It's shaping up to be a major success.
A few months ago, we learned that Mini had amassed some 90,000 prospective buyers for its first-ever EV, the 2020 Mini Cooper SE. But interest is one thing; turning those prospective buyers into actual paying customers is something else, and it's up to the automaker and dealerships to make that happen.
Fortunately for Mini's parent company, BMW, the combined efforts have apparently paid off. During this past week's presentation by BMW Group CEO Oliver Zipse, it was announced there have so far been more than 8,000 orders placed worldwide.
"We are winning over customers with attractive new models," Zipse said. "The new Mini Cooper SE was just released a few days ago. We have already received more than 8,000 orders. Most of the people who placed these orders did not previously drive a Mini. This shows that the Mini Electric has captured the spirit of the times and is perfect for urban areas."
Packing the same motor used in the BMW i3, the Mini Cooper SE has a total of 184 horsepower and 199 lb-ft of torque from its electric motor. Thanks in part to the battery packaging, the hatchback also has a 50-50 weight distribution. Performance is also similar to that of the i3, with 0-60 mph clocked at 6.9 seconds. The i3 does the same sprint in 6.8 seconds. Top speed is also similar at 93 mph and 98 mph for the Mini and i3, respectively.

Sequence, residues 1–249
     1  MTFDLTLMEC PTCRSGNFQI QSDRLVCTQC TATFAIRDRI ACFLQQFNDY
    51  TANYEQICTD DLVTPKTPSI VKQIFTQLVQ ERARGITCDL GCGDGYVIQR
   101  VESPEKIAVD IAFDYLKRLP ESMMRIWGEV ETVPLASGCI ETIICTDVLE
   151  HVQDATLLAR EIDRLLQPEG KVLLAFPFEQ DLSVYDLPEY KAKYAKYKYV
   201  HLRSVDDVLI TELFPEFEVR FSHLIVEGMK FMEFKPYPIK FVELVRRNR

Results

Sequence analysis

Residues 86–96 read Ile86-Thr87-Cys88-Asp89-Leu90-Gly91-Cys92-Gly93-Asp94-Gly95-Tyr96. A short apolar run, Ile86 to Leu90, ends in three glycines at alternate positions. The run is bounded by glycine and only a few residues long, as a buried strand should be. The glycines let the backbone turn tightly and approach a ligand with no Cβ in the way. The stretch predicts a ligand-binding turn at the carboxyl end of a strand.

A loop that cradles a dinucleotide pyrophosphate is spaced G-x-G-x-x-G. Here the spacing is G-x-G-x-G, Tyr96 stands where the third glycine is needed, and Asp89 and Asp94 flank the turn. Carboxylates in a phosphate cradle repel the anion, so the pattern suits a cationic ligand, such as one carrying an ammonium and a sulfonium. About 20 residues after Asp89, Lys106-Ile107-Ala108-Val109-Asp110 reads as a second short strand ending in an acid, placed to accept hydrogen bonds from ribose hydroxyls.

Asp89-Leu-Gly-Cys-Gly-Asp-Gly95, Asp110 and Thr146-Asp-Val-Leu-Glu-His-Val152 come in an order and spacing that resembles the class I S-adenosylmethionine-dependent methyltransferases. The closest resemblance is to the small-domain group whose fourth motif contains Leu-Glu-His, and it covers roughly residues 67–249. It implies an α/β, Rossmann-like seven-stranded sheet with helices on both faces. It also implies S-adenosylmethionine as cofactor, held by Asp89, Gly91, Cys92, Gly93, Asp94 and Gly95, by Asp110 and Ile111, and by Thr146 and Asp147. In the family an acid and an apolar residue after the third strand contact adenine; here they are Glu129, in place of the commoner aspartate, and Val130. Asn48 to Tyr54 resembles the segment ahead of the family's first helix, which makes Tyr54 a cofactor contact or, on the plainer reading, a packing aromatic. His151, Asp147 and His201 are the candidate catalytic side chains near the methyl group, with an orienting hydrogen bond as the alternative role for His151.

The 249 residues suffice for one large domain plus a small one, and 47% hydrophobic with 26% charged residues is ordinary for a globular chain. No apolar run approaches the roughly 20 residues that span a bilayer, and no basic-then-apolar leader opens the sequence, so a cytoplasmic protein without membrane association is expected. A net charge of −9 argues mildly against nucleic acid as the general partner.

Perhaps the most significant difference between the two products is the battery pack itself. Instead of the i3's 120Ah pack, the Cooper SE has a 94Ah unit specifically modified into a T-shape to accommodate the hatch's layout. But here's where some buyers might be deterred: range. The EPA has rated the Cooper SE at 110 miles on a single charge while the i3 has a 153-mile range. The Mini's range also pales in comparison to that of the base Tesla Model 3 (250 miles), Nissan Leaf (151 miles), and Chevy Bolt (259 miles).
The 2020 Mini Cooper SE has a starting MSRP of $29,900, not including $850 destination.